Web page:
Solution? The Kidizoom camera from VTech. I am thrilled with this product.

One thing I love about this camera is that it comes ready to take photos. A lot of photos. You can buy a memory card, but my kids took 328 photos and several videos, and there was still room for more.

It's easy to use too. I handed it to Quinn and he immediately started to wander the house taking photos. It's amusing what catches the eye of small children.

Photo taken with the Kidizoom.

The camera interface is really easy to use. All three of my kids figured it out easily. Features such as the flash are simple as well.

There are games on the camera as well, Tic Tac Toe, and matching, and one other. I couldn't care less that they're on there. I'm more interested in the camera. But for what it's worth, Jack and Quinn love them. And they come with volume control too. (For the camera, not your kid. VTech aren't miracle workers.)

We took the camera with us to play with some friends and I'd like to report that the friends adore the camera as well. I would also like to report that if a four-year-old drops the camera on the sidewalk, it is well-insulated enough to not break.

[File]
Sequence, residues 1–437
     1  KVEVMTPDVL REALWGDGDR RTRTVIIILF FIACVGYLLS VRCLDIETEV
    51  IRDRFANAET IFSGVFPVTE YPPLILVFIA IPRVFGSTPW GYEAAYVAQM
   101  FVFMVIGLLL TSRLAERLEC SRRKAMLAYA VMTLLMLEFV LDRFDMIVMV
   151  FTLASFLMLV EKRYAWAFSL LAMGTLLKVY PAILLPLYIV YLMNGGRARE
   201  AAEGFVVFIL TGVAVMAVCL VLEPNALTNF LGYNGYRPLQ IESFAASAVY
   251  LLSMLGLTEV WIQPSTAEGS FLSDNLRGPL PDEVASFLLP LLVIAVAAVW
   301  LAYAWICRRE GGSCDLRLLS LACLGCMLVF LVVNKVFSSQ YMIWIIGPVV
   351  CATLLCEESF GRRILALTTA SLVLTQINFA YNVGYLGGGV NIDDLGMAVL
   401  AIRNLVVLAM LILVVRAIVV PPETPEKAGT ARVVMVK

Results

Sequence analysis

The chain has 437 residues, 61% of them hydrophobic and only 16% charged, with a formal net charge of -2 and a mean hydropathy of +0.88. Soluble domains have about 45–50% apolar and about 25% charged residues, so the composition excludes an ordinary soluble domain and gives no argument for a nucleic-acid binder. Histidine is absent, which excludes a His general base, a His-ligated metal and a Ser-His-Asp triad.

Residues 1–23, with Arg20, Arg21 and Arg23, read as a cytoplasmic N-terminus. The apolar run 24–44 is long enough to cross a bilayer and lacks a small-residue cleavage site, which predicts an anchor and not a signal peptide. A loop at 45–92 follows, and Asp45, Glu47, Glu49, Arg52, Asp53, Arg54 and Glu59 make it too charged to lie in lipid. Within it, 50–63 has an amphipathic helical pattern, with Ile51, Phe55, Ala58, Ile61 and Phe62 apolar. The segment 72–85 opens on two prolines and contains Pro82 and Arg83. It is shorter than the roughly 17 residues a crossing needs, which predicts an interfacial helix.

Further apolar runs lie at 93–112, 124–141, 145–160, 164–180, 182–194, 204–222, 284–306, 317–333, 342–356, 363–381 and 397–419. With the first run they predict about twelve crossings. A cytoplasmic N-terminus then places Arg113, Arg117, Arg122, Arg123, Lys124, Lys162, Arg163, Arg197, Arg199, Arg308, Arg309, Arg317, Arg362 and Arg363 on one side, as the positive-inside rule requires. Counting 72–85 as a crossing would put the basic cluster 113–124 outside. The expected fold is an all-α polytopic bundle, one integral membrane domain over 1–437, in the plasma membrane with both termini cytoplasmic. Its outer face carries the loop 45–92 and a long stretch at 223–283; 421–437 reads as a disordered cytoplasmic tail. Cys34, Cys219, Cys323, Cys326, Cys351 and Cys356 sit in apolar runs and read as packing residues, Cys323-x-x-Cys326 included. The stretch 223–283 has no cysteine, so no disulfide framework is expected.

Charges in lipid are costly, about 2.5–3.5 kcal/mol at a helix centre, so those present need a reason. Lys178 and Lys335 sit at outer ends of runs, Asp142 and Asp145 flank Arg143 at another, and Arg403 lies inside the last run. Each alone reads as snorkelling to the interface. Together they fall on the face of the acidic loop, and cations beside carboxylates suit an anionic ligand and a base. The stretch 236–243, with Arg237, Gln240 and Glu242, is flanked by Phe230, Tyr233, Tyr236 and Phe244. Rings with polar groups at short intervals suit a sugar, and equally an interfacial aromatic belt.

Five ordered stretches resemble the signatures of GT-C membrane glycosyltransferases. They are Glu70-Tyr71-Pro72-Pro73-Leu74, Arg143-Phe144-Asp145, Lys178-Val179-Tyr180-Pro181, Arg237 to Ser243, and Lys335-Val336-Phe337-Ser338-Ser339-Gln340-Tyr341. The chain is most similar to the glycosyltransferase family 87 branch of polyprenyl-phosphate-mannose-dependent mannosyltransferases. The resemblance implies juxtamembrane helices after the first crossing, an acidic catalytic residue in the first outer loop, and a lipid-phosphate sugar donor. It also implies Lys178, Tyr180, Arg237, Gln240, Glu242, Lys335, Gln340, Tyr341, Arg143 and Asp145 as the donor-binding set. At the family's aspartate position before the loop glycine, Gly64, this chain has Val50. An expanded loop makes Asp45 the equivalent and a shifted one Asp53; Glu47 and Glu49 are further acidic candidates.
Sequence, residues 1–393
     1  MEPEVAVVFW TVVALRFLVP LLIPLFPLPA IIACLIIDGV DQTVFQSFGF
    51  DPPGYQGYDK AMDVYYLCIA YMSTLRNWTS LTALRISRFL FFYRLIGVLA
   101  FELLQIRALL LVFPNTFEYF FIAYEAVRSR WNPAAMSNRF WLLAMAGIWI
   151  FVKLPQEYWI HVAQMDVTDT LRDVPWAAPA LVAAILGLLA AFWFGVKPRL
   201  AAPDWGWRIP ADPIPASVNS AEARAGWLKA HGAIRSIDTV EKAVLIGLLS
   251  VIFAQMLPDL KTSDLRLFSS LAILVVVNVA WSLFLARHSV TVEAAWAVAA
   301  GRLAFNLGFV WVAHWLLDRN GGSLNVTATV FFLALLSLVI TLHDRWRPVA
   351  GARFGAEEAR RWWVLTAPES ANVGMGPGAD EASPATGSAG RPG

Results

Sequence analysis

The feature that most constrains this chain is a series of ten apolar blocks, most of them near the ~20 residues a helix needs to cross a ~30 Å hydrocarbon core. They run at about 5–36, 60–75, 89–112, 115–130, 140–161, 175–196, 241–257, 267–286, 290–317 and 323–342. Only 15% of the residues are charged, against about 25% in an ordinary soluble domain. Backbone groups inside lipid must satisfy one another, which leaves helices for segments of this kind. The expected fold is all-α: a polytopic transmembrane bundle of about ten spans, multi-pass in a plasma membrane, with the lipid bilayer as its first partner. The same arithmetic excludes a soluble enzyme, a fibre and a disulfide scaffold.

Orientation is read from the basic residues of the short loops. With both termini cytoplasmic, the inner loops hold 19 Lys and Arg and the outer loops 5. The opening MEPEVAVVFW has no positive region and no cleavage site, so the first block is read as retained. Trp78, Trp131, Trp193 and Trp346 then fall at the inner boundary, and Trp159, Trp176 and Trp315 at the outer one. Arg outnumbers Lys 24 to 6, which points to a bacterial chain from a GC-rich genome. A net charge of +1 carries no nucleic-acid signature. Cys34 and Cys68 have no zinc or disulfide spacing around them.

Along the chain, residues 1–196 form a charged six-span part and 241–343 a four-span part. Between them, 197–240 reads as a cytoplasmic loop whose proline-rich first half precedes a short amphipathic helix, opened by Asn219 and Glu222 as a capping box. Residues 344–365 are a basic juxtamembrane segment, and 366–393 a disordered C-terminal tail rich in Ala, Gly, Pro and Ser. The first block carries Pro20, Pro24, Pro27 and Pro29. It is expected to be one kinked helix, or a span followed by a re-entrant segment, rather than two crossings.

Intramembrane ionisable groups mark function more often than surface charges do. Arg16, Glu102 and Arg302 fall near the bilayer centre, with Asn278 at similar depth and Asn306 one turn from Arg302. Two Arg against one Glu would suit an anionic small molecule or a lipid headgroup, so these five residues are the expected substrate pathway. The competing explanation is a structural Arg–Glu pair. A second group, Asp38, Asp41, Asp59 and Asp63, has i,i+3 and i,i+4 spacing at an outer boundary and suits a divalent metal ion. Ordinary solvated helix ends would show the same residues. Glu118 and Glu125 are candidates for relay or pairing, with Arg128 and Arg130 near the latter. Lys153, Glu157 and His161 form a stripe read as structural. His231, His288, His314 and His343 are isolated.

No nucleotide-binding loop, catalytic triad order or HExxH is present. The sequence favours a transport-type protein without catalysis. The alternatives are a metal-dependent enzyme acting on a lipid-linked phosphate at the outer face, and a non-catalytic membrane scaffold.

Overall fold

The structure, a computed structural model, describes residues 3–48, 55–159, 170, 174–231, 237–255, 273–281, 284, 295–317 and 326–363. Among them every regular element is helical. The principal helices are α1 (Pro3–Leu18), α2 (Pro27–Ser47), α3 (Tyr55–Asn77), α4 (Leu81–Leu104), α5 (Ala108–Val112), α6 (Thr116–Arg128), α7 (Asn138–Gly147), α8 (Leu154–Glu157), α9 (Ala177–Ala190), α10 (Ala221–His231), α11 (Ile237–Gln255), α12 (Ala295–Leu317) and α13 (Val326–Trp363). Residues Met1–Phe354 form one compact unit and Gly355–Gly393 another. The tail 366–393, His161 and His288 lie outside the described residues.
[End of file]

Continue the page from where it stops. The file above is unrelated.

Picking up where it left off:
My kids are mostly interested in taking the photos and looking at them on the screen on the back of the camera. I've seen other kiddie cameras, and the screen on this one was a pleasant surprise.

My kids couldn't care less about uploading their photos, but I know some kids do care. Once I uploaded my 328 photos (and deleted about 312 photos of stains on my floor) I noticed that the photo quality is dependent mostly on the amount of light. (Obviously.) Outdoor photos fared better than indoor photos, but if my kids did care about the finished product, I would defintely have been able to produce enough good shots to make them happy.

I also have to admit that the quality of many of the photos was less than desirable due to sloppy camera work on my three-year-old's part. Using this camera would be a great way to teach a kid about photography if that is something you are interested in.

Following are some photos taken with the Kidizoom:

This was obviously taken outside. By me. I love this shot.

Low light creates a less-desirable image. But still functional enough for most kids.

This is the first photo I took with the camera. It looks a little pixelated, but I kind of like it. And I know my kids wouldn't care.